• VimalajātiVimalajāti Whitby, Ontario Veteran
    edited June 10

    The Theravādavinaya excerpt condemns the suicide, meaning that the Mahāṭṭhakathā (Pāli commentary)'s explanation of why the Buddha knew this would happen is likely a contrivance to preserve the idea that the Buddha always knows the future.

    Most likely the Buddha did not know these monks would kill themselves. In my opinion at least. We both share this opinion, but came to it by extrapolating from different texts, interestingly enough.

    My earlier statement that Rāhula taught this opening discourse was a mistake, it seems.

  • misecmisc1misecmisc1 I am a Hindu India Veteran

    @Shoshin said:

    Meditation on Impermanence

    There's really nothing to it :)

    @Shoshin: Can you please explain your above sentence in slightly more detail? Thanks.

  • JeffreyJeffrey Veteran

    I think impermanence is in your experience already and you just have to notice it.

    When a man is parched by thirst,
    The thought of water brings no relief.
    Only drinking can quench his thirst.
    Similarly, information differs from direct experience.
    The exhausting search for information,
    For mere objective knowledge,
    Becomes needless with direct meditative experience.

    ~ Mipham Rinpoche

  • federicafederica seeker of the clear blue sky Its better to remain silent and be thought a fool, than to speak out and remove all doubt Moderator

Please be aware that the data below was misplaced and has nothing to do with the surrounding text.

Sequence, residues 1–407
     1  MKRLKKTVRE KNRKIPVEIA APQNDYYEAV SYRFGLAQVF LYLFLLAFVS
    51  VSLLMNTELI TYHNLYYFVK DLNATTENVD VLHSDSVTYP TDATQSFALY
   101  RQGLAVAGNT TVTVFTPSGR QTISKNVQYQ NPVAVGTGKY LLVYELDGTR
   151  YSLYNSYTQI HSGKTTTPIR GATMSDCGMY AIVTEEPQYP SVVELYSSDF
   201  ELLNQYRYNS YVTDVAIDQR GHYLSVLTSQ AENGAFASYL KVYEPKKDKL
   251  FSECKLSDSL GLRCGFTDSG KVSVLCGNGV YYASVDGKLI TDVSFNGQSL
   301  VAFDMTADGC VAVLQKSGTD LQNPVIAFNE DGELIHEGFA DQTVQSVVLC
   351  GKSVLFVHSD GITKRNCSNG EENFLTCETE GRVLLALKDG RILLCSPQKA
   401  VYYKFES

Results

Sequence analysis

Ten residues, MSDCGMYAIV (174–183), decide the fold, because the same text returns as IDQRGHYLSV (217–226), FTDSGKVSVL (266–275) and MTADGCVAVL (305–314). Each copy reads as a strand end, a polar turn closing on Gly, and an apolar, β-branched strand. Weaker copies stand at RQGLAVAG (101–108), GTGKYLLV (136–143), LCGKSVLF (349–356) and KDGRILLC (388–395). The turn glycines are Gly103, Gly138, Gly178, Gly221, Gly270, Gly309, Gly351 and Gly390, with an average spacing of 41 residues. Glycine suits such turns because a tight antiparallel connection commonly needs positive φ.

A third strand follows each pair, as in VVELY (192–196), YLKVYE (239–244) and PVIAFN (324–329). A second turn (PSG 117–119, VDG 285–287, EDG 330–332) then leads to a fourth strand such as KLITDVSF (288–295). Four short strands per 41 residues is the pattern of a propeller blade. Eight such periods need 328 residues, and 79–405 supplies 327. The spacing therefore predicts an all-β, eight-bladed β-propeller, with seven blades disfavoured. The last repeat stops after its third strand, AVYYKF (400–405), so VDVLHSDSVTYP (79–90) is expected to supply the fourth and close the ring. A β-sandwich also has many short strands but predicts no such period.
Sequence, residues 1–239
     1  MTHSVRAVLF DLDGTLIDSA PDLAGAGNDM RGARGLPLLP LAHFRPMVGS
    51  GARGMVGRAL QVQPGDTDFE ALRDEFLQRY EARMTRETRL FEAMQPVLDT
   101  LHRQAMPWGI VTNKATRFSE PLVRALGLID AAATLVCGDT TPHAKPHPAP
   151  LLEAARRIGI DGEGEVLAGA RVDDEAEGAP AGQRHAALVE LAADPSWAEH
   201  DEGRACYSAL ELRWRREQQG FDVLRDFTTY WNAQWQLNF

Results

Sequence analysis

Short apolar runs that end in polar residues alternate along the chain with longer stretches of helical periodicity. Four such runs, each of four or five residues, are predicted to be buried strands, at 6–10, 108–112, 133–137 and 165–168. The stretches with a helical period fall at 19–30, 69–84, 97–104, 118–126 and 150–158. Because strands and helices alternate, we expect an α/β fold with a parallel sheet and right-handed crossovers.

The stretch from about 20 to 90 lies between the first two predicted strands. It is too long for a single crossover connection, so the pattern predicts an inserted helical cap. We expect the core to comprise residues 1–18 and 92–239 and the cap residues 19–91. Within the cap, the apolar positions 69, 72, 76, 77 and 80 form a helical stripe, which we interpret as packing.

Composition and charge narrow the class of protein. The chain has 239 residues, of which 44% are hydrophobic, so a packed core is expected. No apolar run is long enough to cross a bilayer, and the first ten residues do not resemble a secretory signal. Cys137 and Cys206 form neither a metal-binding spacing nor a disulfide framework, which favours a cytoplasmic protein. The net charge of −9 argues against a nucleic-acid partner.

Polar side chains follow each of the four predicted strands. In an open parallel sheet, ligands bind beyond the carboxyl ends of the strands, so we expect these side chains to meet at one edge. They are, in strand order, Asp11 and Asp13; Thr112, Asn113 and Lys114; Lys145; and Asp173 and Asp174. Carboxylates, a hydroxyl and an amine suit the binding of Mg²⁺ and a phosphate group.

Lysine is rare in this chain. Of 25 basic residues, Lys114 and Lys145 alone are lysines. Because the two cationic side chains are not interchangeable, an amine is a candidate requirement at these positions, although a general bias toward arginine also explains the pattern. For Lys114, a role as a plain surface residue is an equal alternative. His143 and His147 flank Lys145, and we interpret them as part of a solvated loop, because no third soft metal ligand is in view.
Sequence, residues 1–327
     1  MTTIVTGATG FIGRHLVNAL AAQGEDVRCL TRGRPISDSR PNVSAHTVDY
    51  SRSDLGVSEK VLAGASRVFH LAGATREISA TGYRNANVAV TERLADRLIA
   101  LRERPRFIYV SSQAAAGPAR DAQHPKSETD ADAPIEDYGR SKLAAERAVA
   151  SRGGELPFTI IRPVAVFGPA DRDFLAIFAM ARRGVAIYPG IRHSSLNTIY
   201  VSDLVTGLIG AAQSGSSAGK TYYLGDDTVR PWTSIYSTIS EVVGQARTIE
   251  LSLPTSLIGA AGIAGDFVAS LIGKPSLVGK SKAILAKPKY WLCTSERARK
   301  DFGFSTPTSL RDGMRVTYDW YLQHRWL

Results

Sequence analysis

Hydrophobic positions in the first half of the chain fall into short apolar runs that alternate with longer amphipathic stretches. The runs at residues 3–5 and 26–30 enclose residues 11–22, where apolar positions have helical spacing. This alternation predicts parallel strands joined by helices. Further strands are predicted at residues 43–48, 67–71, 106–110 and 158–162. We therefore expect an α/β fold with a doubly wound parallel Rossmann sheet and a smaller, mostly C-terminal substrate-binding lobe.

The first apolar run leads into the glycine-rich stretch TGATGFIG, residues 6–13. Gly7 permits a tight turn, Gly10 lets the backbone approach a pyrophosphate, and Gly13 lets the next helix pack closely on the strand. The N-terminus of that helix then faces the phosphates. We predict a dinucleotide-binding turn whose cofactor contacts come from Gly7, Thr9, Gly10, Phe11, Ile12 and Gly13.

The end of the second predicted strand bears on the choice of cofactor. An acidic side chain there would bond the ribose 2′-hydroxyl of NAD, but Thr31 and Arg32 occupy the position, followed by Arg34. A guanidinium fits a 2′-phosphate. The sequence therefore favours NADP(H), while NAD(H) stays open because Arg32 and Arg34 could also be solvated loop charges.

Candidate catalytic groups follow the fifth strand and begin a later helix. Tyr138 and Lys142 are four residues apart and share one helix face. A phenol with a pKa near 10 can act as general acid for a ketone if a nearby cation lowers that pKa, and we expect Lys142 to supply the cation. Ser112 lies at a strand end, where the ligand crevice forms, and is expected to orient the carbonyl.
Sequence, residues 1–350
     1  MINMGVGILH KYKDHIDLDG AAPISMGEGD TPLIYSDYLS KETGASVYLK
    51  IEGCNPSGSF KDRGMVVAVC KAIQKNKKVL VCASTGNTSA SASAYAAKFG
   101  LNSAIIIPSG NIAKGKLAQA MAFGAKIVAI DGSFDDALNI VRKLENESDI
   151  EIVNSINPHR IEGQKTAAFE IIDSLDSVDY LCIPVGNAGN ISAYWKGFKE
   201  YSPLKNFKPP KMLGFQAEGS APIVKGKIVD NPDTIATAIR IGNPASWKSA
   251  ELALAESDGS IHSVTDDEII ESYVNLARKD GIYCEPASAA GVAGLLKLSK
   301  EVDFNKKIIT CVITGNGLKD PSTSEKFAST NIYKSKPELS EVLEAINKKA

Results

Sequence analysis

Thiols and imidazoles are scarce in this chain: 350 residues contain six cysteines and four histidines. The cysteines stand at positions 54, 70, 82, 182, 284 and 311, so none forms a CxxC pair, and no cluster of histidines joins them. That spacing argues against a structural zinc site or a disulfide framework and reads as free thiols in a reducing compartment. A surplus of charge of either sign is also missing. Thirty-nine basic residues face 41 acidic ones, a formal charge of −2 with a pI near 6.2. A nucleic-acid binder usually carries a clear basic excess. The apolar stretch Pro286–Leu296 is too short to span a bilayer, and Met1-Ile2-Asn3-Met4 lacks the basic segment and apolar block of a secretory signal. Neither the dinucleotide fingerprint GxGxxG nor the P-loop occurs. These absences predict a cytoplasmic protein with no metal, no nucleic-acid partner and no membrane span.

@misecmisc1 said:

    @Shoshin said:

    Meditation on Impermanence

    There's really nothing to it :)

    @Shoshin: Can you please explain your above sentence in slightly more detail? Thanks.

    Stop and think about it, and what it means, on different levels.
    I think you will come to your own conclusion, @misecmisc1

    Sometimes you have to think on things without being led, or spoon-fed every explanation...

  • ShoshinShoshin No one in particular Nowhere Special Veteran

    @misecmisc1 said:

    @Shoshin said:

    Meditation on Impermanence

    There's really nothing to it :)

    @Shoshin: Can you please explain your above sentence in slightly more detail? Thanks.

    There's really nothing to explain @misecmisc1 .... It's all about letting go ...

    "Transient alas; are all component things
    Subject are they to birth - and then decay
    Having gained birth; to death the life flux swings
    Bliss truly dawns when unrest dies away!

    pegembaraBuddhadragon
  • pegembarapegembara Veteran
    edited June 11

    @ScottPen said:
    I heard a talk, I think it was Dave Smith but I'm not sure. He described a guided meditation on impermanence that he participated in that was kind of like a metta in reverse. He was instructed to visualize losing the people, things, and relationships he loved the most... Really try tp imagine it realistically so he actually felt the pain, then he had to sit with the pain until the teacher guided them to something else. Apparently this can help with the idea of impermanence, but I haven't tried it. I really don't want to imagine the death and loss of my loved ones.